As the higher resolution of microscopy promotes the discovery of biological microstructures, the higher precision of animal pose estimation helps to detect subtle behavior structures and patterns, advancing ethology research. Behavior structures have been proven to be the signatures, fingerprints, and biomarkers to indicate disease developments Bohic et al. (2023); Gschwind et al. (2023), genetic mutations Liu et al. (2021); Huang et al. (2021); Han et al. (2023a), and drug effects Wiltschko et al. (2020); Han et al. (2023b). Although these studies refine the behavior to module level Wiltschko et al. (2015), this spatiotemporal scale of behavior structures is not sufficient to support finer animal studies such as decoding millisecond neural recordings with un-drifted poses Schneider et al. (2023). Therefore, improving the accuracy and reliability of animal pose estimation is of high need for behavioral studies. ADPT provides such a tool for animal pose estimation.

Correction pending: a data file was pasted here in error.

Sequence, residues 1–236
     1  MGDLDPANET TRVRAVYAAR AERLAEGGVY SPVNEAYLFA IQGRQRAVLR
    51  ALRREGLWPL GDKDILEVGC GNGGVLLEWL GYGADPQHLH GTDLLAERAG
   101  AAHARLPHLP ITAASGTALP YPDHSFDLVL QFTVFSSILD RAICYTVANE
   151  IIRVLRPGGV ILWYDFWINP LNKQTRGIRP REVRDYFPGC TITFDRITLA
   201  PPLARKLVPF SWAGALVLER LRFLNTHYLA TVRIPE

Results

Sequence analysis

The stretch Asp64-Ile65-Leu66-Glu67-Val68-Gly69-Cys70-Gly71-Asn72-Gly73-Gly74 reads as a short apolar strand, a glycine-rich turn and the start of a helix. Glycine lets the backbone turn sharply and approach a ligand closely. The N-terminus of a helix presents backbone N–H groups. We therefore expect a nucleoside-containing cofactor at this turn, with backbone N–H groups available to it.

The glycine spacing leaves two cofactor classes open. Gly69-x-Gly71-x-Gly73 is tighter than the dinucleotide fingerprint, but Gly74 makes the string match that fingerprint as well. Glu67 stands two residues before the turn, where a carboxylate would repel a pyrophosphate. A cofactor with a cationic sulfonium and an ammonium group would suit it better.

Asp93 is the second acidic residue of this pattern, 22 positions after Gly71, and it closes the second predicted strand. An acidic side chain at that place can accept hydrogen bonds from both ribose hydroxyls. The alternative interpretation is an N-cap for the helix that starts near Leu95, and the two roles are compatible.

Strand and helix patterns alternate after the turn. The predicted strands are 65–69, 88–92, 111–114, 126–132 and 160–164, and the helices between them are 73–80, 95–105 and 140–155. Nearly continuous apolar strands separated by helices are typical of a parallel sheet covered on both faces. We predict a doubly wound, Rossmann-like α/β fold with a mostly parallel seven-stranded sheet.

ADPT enables a wide range of downstream applications, for instance, aligning behavioral manifold from keypoint dynamics with the neural manifold from large-scale neural recordings Urai et al. (2022). Recent advances in neural decoding of speech Li et al. (2023); Metzger et al. (2023) and vision Schneider et al. (2023); Takagi and Nishimoto (2023) have achieved incredible performance, but the accurate neural decoding of poses is still an existing problem. ADPT can quantify the poses of animals to reach a high resolution like the microphone for speech acquisition or visual pixels, which is an improvement from the aspect of behavior data acquisition. The second application is the gait analysis for 3D movements. Non-human primates are not restricted to moving on the ground, and the 3D gait would reflect their abnormal state after modeling treatment Liang et al. (2023); Thota and Alberts (2013). ADPT decreases the pose drift caused by body occlusion of single-view frames, which would reduce the error of 3D gait reconstruction. It also reduces the number of cameras for view angle compensation except for the profound understanding of 3D gait-related disorders Bala et al. (2020). The third application is behavior-based drug screening Wiltschko et al. (2020). Although MoSeq has built up the relationship between behavior syllables and psychoactive drugs Wiltschko et al. (2015, 2020), the resolution of behavior only exists at the syllable level. It is predictable for ADPT to improve the behavior resolution of MoSeq even Keypoint-MoSeq to a finer level to be not limited to the screen of psychoactive drugs Wiltschko et al. (2015); Weinreb et al. (2023). In summary, solving the anti-drift problem from the very beginning of ADPT determines that it has widespread applications.